Nostalgia for the Modern: State Secularism and Everyday Politics in Turkey
Duke University Press, 2006 M08 30 - 240 pages
As the twentieth century drew to a close, the unity and authority of the secularist Turkish state were challenged by the rise of political Islam and Kurdish separatism on the one hand and by the increasing demands of the European Union, the International Monetary Fund, and the World Bank on the other. While the Turkish government had long limited Islam—the religion of the overwhelming majority of its citizens—to the private sphere, it burst into the public arena in the late 1990s, becoming part of party politics. As religion became political, symbols of Kemalism—the official ideology of the Turkish Republic founded by Mustafa Kemal Atatürk in 1923—spread throughout the private sphere. In Nostalgia for the Modern, Esra Özyürek analyzes the ways that Turkish citizens began to express an attachment to—and nostalgia for—the secularist, modernist, and nationalist foundations of the Turkish Republic.
Drawing on her ethnographic research in Istanbul and Ankara during the late 1990s, Özyürek describes how ordinary Turkish citizens demonstrated their affinity for Kemalism in the ways they organized their domestic space, decorated their walls, told their life stories, and interpreted political developments. She examines the recent interest in the private lives of the founding generation of the Republic, reflects on several privately organized museum exhibits about the early Republic, and considers the proliferation in homes and businesses of pictures of Atatürk, the most potent symbol of the secular Turkish state. She also explores the organization of the 1998 celebrations marking the Republic’s seventy-fifth anniversary. Özyürek’s insights into how state ideologies spread through private and personal realms of life have implications for all societies confronting the simultaneous rise of neoliberalism and politicized religion.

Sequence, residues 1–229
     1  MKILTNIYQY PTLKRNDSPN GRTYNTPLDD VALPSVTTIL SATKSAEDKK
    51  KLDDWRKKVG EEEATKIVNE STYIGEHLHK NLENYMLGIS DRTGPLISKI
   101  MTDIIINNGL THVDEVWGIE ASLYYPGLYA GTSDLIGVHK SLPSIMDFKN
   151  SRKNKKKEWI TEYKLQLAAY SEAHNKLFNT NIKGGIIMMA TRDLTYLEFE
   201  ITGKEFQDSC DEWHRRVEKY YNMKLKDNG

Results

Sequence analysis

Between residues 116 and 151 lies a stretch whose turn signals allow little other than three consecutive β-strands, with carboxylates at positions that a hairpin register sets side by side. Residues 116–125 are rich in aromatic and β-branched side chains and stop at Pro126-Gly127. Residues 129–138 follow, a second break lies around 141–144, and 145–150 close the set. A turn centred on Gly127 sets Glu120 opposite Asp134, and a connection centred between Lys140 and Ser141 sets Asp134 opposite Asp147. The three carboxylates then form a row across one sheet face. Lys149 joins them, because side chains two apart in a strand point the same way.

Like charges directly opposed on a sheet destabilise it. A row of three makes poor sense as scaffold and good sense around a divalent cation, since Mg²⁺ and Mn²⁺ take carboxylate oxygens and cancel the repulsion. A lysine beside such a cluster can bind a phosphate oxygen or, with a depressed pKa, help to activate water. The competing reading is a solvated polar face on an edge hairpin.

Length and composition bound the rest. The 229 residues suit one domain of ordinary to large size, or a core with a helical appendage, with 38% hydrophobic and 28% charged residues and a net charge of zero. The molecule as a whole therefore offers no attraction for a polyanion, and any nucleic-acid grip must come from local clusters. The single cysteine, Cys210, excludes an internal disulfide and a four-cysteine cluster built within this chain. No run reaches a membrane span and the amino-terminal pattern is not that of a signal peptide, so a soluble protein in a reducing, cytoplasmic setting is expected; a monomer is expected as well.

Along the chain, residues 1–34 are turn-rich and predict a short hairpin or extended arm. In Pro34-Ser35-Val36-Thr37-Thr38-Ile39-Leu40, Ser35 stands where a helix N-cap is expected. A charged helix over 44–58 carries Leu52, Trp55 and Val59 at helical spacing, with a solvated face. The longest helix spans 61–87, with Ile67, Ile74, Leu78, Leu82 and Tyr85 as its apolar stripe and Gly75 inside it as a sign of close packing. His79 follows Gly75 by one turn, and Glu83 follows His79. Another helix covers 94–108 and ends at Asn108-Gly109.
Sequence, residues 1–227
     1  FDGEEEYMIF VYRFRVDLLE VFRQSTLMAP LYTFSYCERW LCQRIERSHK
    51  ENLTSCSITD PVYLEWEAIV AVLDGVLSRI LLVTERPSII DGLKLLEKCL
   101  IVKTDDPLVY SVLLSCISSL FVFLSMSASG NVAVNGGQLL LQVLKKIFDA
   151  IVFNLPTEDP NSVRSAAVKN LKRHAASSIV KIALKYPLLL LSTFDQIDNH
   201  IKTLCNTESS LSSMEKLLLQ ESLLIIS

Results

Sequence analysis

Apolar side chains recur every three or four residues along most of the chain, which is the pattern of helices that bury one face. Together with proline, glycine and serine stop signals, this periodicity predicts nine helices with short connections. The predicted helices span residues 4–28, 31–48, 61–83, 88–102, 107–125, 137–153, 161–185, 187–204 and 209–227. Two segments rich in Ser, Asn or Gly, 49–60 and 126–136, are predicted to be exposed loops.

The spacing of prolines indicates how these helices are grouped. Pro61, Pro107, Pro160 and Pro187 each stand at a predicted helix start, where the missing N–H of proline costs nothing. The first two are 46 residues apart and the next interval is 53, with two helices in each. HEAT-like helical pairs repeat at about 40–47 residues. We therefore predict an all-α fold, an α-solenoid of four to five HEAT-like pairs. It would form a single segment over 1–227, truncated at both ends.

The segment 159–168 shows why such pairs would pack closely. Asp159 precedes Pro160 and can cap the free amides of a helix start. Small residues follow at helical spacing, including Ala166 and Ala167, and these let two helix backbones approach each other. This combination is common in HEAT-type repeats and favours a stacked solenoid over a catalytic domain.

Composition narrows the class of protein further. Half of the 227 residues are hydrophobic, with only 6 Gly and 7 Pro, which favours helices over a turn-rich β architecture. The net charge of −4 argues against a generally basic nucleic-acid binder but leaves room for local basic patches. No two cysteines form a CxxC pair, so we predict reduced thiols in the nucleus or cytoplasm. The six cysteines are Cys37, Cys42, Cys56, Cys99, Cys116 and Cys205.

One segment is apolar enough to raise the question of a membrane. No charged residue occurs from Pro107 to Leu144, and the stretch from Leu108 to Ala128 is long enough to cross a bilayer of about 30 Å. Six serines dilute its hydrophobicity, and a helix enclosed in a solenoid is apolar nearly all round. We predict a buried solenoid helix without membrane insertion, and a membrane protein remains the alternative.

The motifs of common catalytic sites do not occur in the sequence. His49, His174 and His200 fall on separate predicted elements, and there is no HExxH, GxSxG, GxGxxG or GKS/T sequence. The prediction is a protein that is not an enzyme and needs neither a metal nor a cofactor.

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... considered internal a√airs conflicts with the memory of Turkish modernization in the 1930s, achieving as it did its success through an all-powerful and homogenizing state that suppressed local identities, demands, and economies.
While doing so, they did not merely imitate European ways but made the new ways of thinking and acting, such as centralized education, their own (Fortna 2002; Gür 2002).15 Because of economic di≈culties or disputes regarding which ...
Beginning in the 1980s, and especially in the 1990s, integration with the world economy, a resurgence of both Islamic ... but it was also integrated into the world political and economic system following World War II (Keyder 1987).
In the 1990s many nationalist politicians and intellectuals expressed discontent with the increasing intervention of the IMF and the European Union into the Turkish economy and political and human rights–related issues, respectively.
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The Public History in the Private Story
Displaying Transformations in Private Lives
The Commodification of State Iconography
Civilian Celebrations of the Turkish State
Kemalist and Islamist Versions of the Early Republic